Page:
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Has your pick ever cost you a gig?

Discussion in 'Miscellaneous [BG]' started by Lazy, Aug 8, 2002.

  1. Lazy


    May 30, 2001
    Vancouver BC
    Friend of mine tried out for a band and they said he sounded good, but him using a pick just didn't "look good!"

    I've heard this a lot over the years. I can understand people not liking the sound of a pick, but the look of it???
    He tried to play fingerstyle, but he's got the whole ex-guitarist turned bassist syndrome.

    I also have a friend who's really good who got turned down by a local punk band because he wouldn't use a pick!!! "If you don't use a pick and play all downstrokes, then you're not made for punk rock!!"
  2. Woodchuck


    Apr 21, 2000
    Atlanta (Grant Park!)
    Gallien Krueger for the last 12 years!
    A lot of stupid people are forming bands in your area. If a muso sounds good, he/she's got the job, as far as I'm concerned.
  3. wulf


    Apr 11, 2002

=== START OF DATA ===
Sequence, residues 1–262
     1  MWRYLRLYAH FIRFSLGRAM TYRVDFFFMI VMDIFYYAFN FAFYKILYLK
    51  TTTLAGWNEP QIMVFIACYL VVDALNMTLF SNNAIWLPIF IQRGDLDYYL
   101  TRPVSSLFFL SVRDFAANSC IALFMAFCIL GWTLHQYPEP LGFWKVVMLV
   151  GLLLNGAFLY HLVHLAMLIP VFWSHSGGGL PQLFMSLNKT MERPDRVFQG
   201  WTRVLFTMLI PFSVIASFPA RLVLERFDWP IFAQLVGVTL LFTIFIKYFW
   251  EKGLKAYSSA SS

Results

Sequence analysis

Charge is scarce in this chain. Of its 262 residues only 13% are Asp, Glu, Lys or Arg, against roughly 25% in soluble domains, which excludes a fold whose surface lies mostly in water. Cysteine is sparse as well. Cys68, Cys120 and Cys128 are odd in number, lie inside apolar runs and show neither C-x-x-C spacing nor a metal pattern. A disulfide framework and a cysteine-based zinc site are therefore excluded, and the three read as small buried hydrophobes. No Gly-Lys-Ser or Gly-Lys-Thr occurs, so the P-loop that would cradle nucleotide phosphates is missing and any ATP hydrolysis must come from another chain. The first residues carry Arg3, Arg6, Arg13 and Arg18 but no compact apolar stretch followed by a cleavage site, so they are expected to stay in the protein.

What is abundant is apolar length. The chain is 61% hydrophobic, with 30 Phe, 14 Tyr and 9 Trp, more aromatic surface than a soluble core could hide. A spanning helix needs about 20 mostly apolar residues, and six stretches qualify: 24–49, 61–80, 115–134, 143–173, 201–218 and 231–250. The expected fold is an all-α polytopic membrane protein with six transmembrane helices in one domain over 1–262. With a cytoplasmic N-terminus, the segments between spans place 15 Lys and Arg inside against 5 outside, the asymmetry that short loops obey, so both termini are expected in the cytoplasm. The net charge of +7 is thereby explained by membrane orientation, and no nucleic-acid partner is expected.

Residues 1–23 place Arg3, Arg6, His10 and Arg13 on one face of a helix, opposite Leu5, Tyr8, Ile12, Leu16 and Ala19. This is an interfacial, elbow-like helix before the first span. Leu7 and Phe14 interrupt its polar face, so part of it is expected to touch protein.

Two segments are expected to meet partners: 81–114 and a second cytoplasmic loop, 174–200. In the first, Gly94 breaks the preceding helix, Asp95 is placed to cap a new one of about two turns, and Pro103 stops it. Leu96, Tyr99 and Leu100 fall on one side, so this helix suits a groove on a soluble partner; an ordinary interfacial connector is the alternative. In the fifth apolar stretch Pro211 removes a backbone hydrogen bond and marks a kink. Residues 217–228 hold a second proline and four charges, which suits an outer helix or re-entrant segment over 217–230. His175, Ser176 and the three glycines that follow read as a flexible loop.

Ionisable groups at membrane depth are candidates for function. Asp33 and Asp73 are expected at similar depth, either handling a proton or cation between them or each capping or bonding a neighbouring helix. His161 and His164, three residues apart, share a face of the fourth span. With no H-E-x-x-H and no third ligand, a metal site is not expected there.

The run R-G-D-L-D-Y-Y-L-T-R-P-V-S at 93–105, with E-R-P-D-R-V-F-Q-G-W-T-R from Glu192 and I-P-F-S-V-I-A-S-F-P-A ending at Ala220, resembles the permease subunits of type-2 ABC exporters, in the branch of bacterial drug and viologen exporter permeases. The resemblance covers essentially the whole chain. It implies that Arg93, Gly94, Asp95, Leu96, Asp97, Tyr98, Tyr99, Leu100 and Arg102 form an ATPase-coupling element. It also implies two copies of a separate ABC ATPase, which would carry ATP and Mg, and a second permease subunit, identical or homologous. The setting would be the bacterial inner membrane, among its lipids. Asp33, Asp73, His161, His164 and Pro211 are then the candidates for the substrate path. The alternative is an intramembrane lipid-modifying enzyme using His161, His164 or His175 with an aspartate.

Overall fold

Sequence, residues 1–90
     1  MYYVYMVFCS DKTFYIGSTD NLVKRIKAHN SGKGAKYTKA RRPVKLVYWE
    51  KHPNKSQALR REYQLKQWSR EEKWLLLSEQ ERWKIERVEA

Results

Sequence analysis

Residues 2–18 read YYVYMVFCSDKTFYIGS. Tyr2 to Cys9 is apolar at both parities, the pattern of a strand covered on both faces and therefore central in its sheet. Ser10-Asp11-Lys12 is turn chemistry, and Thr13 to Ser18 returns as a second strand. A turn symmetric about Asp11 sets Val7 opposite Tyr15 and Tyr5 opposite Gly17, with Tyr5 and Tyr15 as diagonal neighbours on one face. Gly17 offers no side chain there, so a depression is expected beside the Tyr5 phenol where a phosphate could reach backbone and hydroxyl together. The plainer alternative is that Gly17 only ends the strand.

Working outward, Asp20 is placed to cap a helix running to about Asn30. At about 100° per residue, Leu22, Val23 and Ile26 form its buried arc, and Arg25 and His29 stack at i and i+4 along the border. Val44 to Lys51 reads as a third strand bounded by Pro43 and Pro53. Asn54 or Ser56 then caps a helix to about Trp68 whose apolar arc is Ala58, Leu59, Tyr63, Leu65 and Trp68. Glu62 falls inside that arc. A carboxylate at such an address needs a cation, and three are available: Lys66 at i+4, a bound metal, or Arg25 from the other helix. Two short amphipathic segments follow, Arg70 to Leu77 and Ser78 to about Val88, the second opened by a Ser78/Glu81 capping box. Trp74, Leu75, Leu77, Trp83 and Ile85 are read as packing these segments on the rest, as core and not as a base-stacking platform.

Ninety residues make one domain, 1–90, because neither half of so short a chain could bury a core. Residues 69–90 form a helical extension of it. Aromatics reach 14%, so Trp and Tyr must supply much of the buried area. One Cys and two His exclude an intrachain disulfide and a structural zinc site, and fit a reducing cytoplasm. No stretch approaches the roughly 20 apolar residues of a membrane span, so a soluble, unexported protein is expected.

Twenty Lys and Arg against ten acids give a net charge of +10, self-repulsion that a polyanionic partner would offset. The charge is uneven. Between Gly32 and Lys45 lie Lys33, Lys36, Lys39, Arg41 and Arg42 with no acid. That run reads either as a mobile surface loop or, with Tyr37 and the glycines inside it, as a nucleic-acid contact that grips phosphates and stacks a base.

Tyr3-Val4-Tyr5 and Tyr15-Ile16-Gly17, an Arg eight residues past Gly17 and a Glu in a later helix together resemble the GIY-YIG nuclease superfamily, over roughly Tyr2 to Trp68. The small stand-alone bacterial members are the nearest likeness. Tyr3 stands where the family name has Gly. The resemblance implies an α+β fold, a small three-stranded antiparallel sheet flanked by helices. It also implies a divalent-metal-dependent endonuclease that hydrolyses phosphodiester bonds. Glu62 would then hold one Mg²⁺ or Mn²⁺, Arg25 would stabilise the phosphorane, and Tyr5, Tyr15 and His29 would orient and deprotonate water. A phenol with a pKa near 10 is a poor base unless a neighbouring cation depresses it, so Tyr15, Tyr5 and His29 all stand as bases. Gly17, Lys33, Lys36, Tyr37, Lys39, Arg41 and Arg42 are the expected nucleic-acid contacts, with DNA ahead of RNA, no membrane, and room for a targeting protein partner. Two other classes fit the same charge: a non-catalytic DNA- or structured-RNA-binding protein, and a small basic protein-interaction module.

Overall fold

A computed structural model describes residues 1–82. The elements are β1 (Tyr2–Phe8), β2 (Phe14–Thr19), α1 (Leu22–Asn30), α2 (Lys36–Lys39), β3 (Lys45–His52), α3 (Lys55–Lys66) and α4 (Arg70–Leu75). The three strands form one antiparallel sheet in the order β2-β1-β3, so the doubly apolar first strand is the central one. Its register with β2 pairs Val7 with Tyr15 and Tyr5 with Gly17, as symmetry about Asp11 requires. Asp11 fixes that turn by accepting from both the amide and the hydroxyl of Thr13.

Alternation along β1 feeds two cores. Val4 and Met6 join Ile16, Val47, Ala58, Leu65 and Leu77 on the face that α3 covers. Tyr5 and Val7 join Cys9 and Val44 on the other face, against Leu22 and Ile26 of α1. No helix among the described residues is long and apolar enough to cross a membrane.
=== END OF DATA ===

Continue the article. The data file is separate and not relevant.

Oxford, UK
    No... but would you really want to work with someone who's understanding of music is based on how things look?

    I'm at the front of the queue to say that it's good to be flexible, but if they're not interested in the sounds you can make then you (or your friend) are going to be happier elsewhere. IMHO, don't waste sleep over it and move on.

  4. A lot of "punks" tend be more interested in the image than the musical content. They started playing to get chicks, anyway.

    Find people who care about the music first. You can always build an image later.
  5. icks


    Jul 12, 2001
    Charleroi, Belgium
    Chicks don"t care about pick or fingerstyle, they like winner, who does great music....
  6. Hategear

    Hategear Workin' hard at hardly workin'.

    Apr 6, 2001
    Appleton, Swissconsin
    Just as Woodchuck (sort of) elluded to, it just goes to show you that it doesn't take much to start a band these days -- any schmuck can do it.

    Pretty sad when a dude gets turned down for a gig because he uses a pick! The next thing you know, you'll be hearing, "Well, you're really good, but you play a Fender and we're only interested in bassists that play Ibanez basses. Sorry."